I have to welcome everything, drama included.

"Iman, did you take a look at Asad?  I think he grew another four inches and God, he looks even more hot!!"

I purse my lips as Laila meticulously describes Asad's physical features.  Not that this is the first time we talked about him, and it most likely won't be the last either.

Welcome to high school, I silently tell a freshman who is bent over under the weight of a heavy backpack.

Let's hope things don't get too off hand,
American Muslim Girl


Almost Sept Already?

I went to go help out at Ammi's work today, namely the Northern Muslim Center.  She's sort of like a social worker there, helping new immigrants out with applications and other troublesome matters.

Ammi was thankfully more calm after visiting Hamid Nana and she asked me to help her with some boxes of files that she needed to bring up to her office from the car.  I told her she could go ahead and settle inside while I brought it in for her.  

It was still morning and the air carried a cool breeze.  The sun was out but I hardly felt the heat, which was a good thing cause I didn't want to get thirsty at nine in the morning.

I took the boxes from the car and put them down on the sidewalk beforeI shut the hood.  I bent over to pick them up again and started walking towards the building.

NMC was located on a side street just off of Devon Avenue, which made sense since many of Ammi's clients were Muslims that lived in the neighborhood.  The streets were not that crowded, since it was still a Wednesday morning.  Devon was mostly crowded on Fridays because of Jummah prayers and during the weekend for shopping purposes.

As I headed towards the building, I noticed a guy walking towards me from my peripheral view.  I directed my attention towards opening the door without having to put down the boxes again.

He broke into a jog and appeared next to me within a couple of seconds.  I stepped back, clearly wanting my space.  He opened the door for me so I could go in.

"Thanks," I muttered.  He looked a little older than me, but he was definitely Muslim and by the look of him, he didn't seem to have been here for very long.  Maybe a F.O.B?  Oops, did I just say that?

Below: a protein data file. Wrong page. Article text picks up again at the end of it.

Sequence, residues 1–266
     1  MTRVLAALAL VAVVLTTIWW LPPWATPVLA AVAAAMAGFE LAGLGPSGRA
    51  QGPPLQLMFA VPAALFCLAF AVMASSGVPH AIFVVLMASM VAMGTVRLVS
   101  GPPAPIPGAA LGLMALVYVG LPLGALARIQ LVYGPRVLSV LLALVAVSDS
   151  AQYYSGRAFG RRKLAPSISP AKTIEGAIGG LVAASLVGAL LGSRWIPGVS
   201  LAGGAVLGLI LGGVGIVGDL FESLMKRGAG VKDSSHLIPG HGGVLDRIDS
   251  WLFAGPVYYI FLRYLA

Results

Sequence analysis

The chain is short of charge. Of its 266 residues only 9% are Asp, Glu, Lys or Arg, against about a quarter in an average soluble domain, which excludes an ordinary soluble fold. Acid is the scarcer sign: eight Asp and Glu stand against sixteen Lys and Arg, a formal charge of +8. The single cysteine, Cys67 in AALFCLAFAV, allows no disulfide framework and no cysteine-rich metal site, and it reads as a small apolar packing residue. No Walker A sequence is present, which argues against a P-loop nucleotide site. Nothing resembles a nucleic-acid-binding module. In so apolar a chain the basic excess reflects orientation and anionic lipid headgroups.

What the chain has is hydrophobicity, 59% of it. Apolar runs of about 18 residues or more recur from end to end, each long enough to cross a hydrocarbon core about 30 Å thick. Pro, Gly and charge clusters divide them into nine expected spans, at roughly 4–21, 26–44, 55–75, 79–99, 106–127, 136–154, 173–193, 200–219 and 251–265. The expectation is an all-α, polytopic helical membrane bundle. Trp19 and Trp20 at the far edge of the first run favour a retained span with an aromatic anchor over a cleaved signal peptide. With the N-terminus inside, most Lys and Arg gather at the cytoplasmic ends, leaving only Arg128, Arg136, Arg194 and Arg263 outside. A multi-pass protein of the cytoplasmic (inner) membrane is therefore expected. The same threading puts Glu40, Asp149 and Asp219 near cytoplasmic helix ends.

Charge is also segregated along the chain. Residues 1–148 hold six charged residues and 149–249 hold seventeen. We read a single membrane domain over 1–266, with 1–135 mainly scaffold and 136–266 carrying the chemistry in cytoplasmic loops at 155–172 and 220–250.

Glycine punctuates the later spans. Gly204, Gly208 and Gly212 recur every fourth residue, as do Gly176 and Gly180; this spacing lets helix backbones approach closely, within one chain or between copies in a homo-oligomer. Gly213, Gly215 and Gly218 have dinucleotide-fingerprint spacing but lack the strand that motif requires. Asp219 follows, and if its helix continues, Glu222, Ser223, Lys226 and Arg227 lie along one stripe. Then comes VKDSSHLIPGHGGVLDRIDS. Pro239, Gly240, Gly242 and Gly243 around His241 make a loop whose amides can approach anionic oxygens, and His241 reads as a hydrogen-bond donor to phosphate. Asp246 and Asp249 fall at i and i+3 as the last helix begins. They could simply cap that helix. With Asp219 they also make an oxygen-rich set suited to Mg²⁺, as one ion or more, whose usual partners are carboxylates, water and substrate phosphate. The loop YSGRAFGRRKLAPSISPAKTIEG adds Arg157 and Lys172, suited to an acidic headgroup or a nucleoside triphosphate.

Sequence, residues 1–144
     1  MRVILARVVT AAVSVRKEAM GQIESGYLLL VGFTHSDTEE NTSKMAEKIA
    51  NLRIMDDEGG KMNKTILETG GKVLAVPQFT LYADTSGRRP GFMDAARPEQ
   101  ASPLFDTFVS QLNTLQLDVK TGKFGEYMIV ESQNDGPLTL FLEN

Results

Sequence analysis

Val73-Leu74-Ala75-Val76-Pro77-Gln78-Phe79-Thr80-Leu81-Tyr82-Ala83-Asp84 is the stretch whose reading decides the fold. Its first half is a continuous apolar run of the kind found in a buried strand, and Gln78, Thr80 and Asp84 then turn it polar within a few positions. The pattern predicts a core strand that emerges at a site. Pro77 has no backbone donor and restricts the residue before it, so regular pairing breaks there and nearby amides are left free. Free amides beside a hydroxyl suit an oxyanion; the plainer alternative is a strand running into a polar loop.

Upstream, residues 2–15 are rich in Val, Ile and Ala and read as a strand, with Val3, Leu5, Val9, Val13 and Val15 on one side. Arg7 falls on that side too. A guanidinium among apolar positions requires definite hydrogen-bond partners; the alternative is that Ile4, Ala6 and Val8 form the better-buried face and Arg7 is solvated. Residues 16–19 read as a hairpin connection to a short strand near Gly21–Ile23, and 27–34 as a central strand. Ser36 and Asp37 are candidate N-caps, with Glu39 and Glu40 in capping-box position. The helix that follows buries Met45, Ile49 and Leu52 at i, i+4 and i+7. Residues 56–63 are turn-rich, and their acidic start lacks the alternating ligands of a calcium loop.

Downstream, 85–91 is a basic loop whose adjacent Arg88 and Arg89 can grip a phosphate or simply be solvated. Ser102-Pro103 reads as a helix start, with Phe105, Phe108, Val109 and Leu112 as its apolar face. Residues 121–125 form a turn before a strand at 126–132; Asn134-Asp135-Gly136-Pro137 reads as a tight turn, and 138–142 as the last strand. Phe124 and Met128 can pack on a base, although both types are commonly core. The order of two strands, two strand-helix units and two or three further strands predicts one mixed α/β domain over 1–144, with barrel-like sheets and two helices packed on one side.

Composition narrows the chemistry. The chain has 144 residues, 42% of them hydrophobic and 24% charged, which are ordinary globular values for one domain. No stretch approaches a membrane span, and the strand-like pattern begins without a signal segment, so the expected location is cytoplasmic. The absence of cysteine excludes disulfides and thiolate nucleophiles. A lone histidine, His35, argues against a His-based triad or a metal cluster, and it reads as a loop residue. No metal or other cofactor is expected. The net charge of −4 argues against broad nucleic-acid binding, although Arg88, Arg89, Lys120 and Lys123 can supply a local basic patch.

Anyhow, the guy needed some manners.

"Lower your gaze!" I wanted to yell at him.  "It's Ramadan, you idiot."

I quickly went up the couple of steps and into the center.  It was decorated with a large banner at the top, bold green letters saying Ramadan Mubarak in English, Urdu, and Arabic.

"Iman!  Ramadan Mubarak!" I heard a familiar voice while I put the boxes down on a table.

I turned to my right to find Zubeda, the woman that worked with Ammi and led the immigration workshops.

"Zubeda Aunty! How are you?" I greeted enthusiastically.  She came to embrace me with a big hug.

"How come you didn't come earlier?  It's been days since you last came," she scolded lovingly.  The lady wishes I was her daughter.  She has told me on several occasions.

"Summer flew by so fast and then Ramadan started," I told her, remembering that I only had two weeks left until school began.

"Oh, well at least you were able to come in today.  We need so much help from you!  Come this way," she motioned me towards her cubicle.

I spent most of the day organizing files and entering data in the computer.  It was very tedious, but the time went by pretty quickly.

Around 1:00, Ammi asked me to help one of the other aunties to dust the only classroom in the center.

"We'll have a lot of kids for tutoring when school begins," the auntie made conversation with me in Urdu while I dusted tables.

"Oh yea," I answered, remembering the chaos of kids jumping, chewing their pencils, and all of them calling my name at the same time.

This is why I will never be a teacher, I had told myself that one day when I felt like pulling both my hijab and my hair off.

"You're a good girl," the auntie complimented me suddenly.

"Huh?" I asked her, surprised.  She was new to this center; I hadn't met her before.

She pointed to my hijab.  "You wear a scarf, and you help here," she remarked.  "That's very good. And everyone here says you are very smart."

"Aw, thank you," I replied, touched.  I wasn't really that great, I thought to myself.  But if she wanted to think so, I didn't have a problem with that!

After we finished cleaning, we brought in the boxes Ammi had told me to bring in earlier.  We took out school supplies, pencils and markers from one, paper and scissors from another.

Later that evening, Farah called me to invite me to her house for Iftaar the following day.

"Tomorrow?" I asked.